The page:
Eugenie Carmel Gazal is no stranger to work and struggle. In this brief video, she describes how her mother’s example inspired her to start a second career late in life.

I’ve always been a positive person and have tried to reinvent myself with each new experience in life, especially the difficult ones. My mother, Olga, who was widowed at forty-four with a family of girls, taught me the power of resilience and that gender was no barrier in achieving what we want in life. Born in 1890, Olga was a true-blue feminist and wanted her girls to be powerful, professional people. So instead of withdrawing from the world, which can happen following the loss of loved ones, through the encouragement of my children, I embarked on a new journey into the world. In 1987, at the age of twenty-four, my plucky daughter Julianne purchased a travel agency franchise. Within a year, I was her right-hand woman, having retrained as a travel agent. It was quite a departure from my training as a classical violinist, yet being a travel agent felt as naturally to me as performing in an orchestra. My family and I still chuckle about the fact that I was the only sixty-year-old student while my peers in the various travel courses were babes at only eighteen.

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Angela Martínez Morales

DeathIn my 72 years, I’ve learned to live a life of tranquility and love. God has given me plenty of life. He has given me life to do something for others, to serve in all that I can, because God gives us all gifts that we discover through understanding and discernment. Yes, serving others is God’s reward.

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Klaartje Merrigan

LoveI had been without a partner for three years and saw many of my peers getting married, having children, and settling down. I was scared and felt like I was running out of time. I confided my fears to my grandmother on one of the many Sunday afternoons I spent with her. When I told her that it felt as if it was too late for me to settle down, she laughed out loud, joyfully, kindly. ‘You have all the time in the world, my dear. You are so young. What do you want in a partner? Look for that, and don’t settle for less. You have all the time in the world.’

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Guri Rygg

DeathI was 10 or 11, and I thought Grandma was ancient. (She was probably about 60 at the time!) I thought it was time to ask whether she was afraid of death, since she was so old. Grandma looked at me and laughed a little to herself. She sat and thought. Then she asked, ‘Have you been inside Nidaros Cathedral?’ Of course I had been there, I said.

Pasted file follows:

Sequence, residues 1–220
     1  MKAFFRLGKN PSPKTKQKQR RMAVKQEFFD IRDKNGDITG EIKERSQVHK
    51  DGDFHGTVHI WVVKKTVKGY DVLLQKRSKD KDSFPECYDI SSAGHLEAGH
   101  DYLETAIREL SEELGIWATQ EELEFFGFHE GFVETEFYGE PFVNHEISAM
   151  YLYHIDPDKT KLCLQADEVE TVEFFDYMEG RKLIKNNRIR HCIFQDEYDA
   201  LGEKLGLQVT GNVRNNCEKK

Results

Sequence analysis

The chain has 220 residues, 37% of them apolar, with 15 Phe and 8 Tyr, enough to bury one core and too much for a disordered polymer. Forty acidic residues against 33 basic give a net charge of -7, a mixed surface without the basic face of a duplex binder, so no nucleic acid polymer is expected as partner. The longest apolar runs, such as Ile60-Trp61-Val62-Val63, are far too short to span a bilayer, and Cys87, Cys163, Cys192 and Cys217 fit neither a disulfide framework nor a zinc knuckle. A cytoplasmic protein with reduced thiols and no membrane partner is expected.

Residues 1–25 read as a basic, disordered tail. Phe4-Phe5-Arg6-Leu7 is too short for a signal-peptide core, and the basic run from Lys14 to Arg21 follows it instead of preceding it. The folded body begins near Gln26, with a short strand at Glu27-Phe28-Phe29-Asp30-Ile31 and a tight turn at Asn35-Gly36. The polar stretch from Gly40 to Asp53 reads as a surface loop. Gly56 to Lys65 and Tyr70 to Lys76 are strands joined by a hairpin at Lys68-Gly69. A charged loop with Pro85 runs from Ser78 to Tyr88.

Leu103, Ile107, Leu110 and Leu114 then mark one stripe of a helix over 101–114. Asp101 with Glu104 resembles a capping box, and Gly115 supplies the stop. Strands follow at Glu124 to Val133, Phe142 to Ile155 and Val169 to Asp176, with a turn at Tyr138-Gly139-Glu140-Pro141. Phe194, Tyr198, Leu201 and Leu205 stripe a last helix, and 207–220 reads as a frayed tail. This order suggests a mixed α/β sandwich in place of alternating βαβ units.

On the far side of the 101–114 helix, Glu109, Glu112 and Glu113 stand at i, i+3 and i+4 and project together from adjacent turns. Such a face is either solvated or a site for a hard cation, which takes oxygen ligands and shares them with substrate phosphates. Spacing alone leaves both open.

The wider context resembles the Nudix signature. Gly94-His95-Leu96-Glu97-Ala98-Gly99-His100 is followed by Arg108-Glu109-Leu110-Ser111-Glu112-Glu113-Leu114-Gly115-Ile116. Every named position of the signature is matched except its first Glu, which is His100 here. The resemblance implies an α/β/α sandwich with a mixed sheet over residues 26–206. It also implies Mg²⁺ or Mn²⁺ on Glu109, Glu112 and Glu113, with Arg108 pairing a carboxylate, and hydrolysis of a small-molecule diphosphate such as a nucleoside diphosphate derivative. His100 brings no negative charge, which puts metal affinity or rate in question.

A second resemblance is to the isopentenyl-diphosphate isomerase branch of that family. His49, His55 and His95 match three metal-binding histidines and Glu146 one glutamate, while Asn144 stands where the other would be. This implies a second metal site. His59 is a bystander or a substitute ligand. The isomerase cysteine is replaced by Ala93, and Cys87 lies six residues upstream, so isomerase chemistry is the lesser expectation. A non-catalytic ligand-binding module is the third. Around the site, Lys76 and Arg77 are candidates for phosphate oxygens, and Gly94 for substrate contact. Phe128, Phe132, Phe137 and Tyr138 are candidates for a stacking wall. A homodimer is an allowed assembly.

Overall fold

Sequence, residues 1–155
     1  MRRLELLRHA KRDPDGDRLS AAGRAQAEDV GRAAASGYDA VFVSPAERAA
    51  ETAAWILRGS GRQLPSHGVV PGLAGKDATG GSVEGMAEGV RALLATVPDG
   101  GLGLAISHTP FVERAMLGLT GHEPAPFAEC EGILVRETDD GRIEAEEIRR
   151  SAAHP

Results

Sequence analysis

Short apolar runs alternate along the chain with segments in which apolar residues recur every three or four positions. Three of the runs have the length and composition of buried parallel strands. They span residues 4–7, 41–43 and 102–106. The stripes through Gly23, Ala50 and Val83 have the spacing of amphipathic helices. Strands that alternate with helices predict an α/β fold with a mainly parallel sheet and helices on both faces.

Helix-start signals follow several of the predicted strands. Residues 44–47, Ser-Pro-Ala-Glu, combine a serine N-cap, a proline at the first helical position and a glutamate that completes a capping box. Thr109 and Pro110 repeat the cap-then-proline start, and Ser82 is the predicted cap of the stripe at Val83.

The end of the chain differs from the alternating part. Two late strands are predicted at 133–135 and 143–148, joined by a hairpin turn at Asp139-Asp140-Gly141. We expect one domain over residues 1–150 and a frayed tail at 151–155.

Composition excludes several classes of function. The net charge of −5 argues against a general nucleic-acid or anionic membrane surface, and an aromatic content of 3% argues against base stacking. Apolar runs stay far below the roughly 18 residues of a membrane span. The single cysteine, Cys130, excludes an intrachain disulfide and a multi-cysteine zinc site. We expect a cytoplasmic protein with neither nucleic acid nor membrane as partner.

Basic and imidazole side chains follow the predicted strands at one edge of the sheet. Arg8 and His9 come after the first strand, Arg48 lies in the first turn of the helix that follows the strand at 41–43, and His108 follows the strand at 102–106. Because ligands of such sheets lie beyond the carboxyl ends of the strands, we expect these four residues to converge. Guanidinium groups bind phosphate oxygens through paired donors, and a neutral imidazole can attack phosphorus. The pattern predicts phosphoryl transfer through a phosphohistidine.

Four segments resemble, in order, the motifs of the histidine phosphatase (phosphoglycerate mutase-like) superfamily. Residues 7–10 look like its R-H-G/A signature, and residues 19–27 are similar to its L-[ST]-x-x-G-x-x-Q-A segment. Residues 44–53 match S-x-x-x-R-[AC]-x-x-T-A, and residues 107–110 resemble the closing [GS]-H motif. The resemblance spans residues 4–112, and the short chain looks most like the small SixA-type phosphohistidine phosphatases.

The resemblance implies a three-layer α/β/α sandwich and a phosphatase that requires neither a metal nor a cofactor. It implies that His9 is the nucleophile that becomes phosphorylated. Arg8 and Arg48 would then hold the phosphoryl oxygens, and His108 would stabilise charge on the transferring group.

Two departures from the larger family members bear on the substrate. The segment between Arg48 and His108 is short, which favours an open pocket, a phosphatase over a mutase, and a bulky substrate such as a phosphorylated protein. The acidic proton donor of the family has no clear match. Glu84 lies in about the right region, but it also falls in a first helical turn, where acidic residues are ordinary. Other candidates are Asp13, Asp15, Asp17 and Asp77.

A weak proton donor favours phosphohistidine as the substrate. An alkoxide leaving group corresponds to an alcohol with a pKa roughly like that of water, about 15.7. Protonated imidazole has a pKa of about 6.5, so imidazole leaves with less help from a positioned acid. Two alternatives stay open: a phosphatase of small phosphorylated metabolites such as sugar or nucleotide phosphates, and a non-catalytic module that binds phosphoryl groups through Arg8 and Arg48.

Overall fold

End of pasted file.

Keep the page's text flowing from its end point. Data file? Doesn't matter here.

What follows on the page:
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Margaret O’Reilly

HopeAs a young child, Margaret O’Reilly learned a hard lesson about the importance of always telling the truth and sticking to it. In this video she shares the most important thing she’d like young people to know. [Margaret O’Reilly] And the thing that I would pass on to the children now is don’t ever tell a lie because you have to keep on lying to undo the bad you’ve done. If you tell the truth and stick to it, people will eventually believe you.

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Robert Hamilton

StruggleTimes of struggle challenge us to be honest with ourselves. They help us recognize when we are trying to rationalize something we want or want to avoid instead of concentrating on what is the right or just thing to do. The hardest lesson can be overcoming fear—fear of failure, fear of personal loss, fear of embarrassment—because decisions informed by fear almost always lead to the worst results. Faith in what is right and true and just must be the guiding principle.

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Desmond O’Grady, SJ

StruggleDesmond O’Grady is a Jesuit priest who served in many prominent positions throughout Ireland. He was recently diagnosed with Alzheimer’s. He shares what living with the disease has taught him and how it has changed the way he lives life. In this audio clip, he discusses understanding and accepting his limitations. [Desmond O’Grady, SJ] Oh yeah, I mean the anxiety at the early stages was high. Not being able to remember, yeah, not being able to remember that either in detail, but I know that there was a time of considerable confusion when I’d be saying, ‘I know how to get places!’ Like finding directions. I’m a Dubliner, born and bred, lived here all my life. I love walking around the city. Now I can’t. Someone says to me, ‘How do I get to Mespil Road?’ and I say, ‘Oh Mespil Road, oh yeah.’ And I would find I couldn’t do it. I know I know, but I can’t articulate it. And that upsets me, and sometimes then I feel that I don’t want to admit it. So that upsets me even more. But I’m getting used to that.

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